When we come to communion later we will be offered the body of Christ, broken for us. That breaking isn’t the snap of a wafer, it is the shredding and battering of a human body. Beaten half to death, with bone showing through the gouges on his back Jesus staggered through Jerusalem. He was suspended by nails through his wrists and ankles. Every breath a torment. He suffered one of the most physically painful deaths it is possible to experience.
That death was the death of a traitor, of one cursed by God. He was naked in front of his mother and crowds of people, many of whom were taunting him. He felt the weight of every sin and all the guilt and shame that each one of us, and every person who has ever lived, has felt.
Why would he do that? Why would he submit to that? Because the road to resurrection always goes by way of the cross.
The effervescent joy of Easter Sunday is only possible because of the sacrifice of Good Friday. The defeat of death, the glory of renewed life, the reality of forgiveness, restoration, and healing – all the things that fill us with that joy and celebration are only possible because of the shameful suffering of the cross. And Jesus knows that it was worth it. He calls us to experience that Easter joy. That joy continues to overflow on into Pentecost through the gift of the Holy Spirit who lives in our hearts, filling us with joy, as we allow ourselves to be filled with the realisation of all that Jesus has and is doing for and in us.
So as we see these three themes in the story of the father and his two sons, and as we see them in the events of Easter, how are going to engage with them through Lent as we seek God’s wisdom for our lives?
How willing are we to embrace humility and to accept humiliation? One of the most dangerous aspects of being a Christian is the temptation to spiritual pride. History is full of examples of Christians who have come to believe that they were better than other people. We are not. We are forgiven sinners, redeemed slaves, resurrected corpses. As such, we can be secure in our identity as God’s beloved children, and in humility reach out to others with the good news that they can also experience that love.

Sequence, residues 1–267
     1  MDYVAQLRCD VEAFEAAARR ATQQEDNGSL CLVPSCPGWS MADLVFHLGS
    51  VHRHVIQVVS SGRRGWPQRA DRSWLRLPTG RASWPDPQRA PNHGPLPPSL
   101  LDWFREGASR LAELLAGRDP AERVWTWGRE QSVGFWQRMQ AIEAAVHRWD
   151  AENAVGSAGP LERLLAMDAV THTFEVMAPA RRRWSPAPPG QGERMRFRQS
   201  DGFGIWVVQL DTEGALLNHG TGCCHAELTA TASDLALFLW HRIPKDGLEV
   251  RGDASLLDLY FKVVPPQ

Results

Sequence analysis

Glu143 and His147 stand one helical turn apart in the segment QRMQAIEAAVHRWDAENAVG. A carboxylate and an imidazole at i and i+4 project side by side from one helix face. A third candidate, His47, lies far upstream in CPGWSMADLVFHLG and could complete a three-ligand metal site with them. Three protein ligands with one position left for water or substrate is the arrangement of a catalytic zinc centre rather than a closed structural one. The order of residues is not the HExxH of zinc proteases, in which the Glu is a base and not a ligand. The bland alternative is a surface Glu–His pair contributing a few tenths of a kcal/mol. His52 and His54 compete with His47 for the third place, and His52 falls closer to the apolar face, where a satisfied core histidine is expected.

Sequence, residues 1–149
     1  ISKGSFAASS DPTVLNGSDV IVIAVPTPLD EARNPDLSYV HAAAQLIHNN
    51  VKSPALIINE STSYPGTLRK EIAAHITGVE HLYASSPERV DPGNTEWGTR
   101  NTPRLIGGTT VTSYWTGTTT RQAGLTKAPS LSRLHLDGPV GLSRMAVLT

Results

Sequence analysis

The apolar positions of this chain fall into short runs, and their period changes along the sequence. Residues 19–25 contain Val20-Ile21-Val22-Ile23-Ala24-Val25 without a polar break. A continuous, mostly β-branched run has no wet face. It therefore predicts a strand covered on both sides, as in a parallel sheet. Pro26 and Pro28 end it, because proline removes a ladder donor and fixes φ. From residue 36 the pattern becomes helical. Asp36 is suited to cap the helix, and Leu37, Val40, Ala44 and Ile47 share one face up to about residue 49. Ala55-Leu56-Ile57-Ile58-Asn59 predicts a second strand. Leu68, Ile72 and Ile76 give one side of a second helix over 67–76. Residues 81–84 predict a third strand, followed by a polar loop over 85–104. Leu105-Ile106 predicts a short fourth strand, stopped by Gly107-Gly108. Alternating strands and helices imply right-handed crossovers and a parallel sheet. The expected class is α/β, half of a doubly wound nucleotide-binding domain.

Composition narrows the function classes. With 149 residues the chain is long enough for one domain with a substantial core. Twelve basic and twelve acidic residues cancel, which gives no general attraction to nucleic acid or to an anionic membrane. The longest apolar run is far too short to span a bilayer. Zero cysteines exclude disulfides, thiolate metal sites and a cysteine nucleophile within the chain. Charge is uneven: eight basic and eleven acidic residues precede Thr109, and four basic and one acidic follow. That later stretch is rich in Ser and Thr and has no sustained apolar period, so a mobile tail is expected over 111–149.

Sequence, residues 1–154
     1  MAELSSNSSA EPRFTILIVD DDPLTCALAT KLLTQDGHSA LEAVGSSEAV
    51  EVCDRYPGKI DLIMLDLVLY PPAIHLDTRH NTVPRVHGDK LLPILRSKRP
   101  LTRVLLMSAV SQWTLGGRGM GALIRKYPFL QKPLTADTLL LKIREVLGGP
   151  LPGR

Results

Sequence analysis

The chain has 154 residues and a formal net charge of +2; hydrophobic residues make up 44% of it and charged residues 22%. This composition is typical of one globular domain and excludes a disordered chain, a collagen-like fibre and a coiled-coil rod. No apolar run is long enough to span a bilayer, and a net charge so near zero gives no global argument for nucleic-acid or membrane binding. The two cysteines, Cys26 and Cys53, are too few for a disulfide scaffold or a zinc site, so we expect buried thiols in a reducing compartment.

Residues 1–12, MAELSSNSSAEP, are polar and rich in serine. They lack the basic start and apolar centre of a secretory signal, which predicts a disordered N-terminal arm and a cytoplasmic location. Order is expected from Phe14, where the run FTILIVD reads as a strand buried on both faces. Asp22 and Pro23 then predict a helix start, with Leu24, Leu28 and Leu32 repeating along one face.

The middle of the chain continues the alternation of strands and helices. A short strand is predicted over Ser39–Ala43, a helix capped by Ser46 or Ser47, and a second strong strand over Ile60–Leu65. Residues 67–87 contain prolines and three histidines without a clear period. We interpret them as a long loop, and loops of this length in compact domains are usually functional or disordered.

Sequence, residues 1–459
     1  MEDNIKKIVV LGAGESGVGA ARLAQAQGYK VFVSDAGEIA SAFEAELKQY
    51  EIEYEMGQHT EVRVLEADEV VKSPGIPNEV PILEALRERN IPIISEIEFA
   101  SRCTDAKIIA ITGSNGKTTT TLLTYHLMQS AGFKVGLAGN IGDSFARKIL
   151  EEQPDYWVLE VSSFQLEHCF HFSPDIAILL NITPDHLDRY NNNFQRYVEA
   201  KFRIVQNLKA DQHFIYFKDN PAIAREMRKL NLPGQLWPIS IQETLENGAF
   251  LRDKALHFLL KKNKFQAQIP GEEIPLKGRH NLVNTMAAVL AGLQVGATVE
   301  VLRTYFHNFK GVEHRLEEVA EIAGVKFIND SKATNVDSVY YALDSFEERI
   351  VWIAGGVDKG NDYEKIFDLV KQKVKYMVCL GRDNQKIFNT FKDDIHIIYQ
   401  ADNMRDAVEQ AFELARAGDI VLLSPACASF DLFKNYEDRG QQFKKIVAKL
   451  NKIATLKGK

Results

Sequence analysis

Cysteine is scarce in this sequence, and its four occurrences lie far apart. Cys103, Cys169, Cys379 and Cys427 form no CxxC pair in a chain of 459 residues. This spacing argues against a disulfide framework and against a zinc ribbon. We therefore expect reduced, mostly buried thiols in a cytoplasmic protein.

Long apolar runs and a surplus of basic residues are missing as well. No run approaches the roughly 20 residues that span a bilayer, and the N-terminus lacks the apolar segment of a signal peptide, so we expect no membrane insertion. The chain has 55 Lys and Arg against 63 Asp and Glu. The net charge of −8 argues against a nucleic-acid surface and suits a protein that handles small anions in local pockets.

What do we do with shameful suffering? Earlier this week I was reading an article written by a church leader (anonymously) about his addiction to lust, to pornography and to strip shows. It was only when he overcame his shame, which was locking him into a destructive cycle of suffering, that he was able to find freedom. It was only when the son overcame his shame at what he’d done and where he’d ended up that he could go back to the Father and receive forgiveness. If we are ashamed of what we’ve done or who we are then the good news is that there is wholeness for us. Some of us feel shame because we have done things that we know were wrong, and there is forgiveness for us. Some of us feel shame because of things done to us, and there is healing for us. Whatever ever the cause of our feelings of shame, we can be freed from them because Jesus has borne that shame for us.
And lastly, will we join the party? I’ve not talked much about the older son this morning, but his presence is there, overshadowing the whole thing. The one who is bitter, who has not taken advantage of the good things available to him, who hadn’t realised that everything around him was his for the asking. Who gets angry with his father for celebrating the return of his brother, because he’s jealous and he thinks it’s not fair. I know that Lent is a time of penitence and reflection, self-denial and confession, but that doesn’t need to dampen the joy. In fact it should fuel it, as we realise again and again how much God has done for us, and how much love God has for us, and the world. How much God wants to give us. With the younger son, we need to trust the generosity of the Father and join the party.
To conclude, as Paul wrote to the Christians in Philippi:
Let the same mind be in you that was in Christ Jesus,
who, though he was in the form of God,
did not regard equality with God
as something to be exploited,
but emptied himself,
taking the form of a slave,
being born in human likeness.
And being found in human form,
he humbled himself
and became obedient to the point of death—
even death on a cross.
Therefore God also highly exalted him
and gave him the name
that is above every name,
so that at the name of Jesus
every knee should bend,
in heaven and on earth and under the earth,
and every tongue should confess
that Jesus Christ is Lord,
to the glory of God the Father.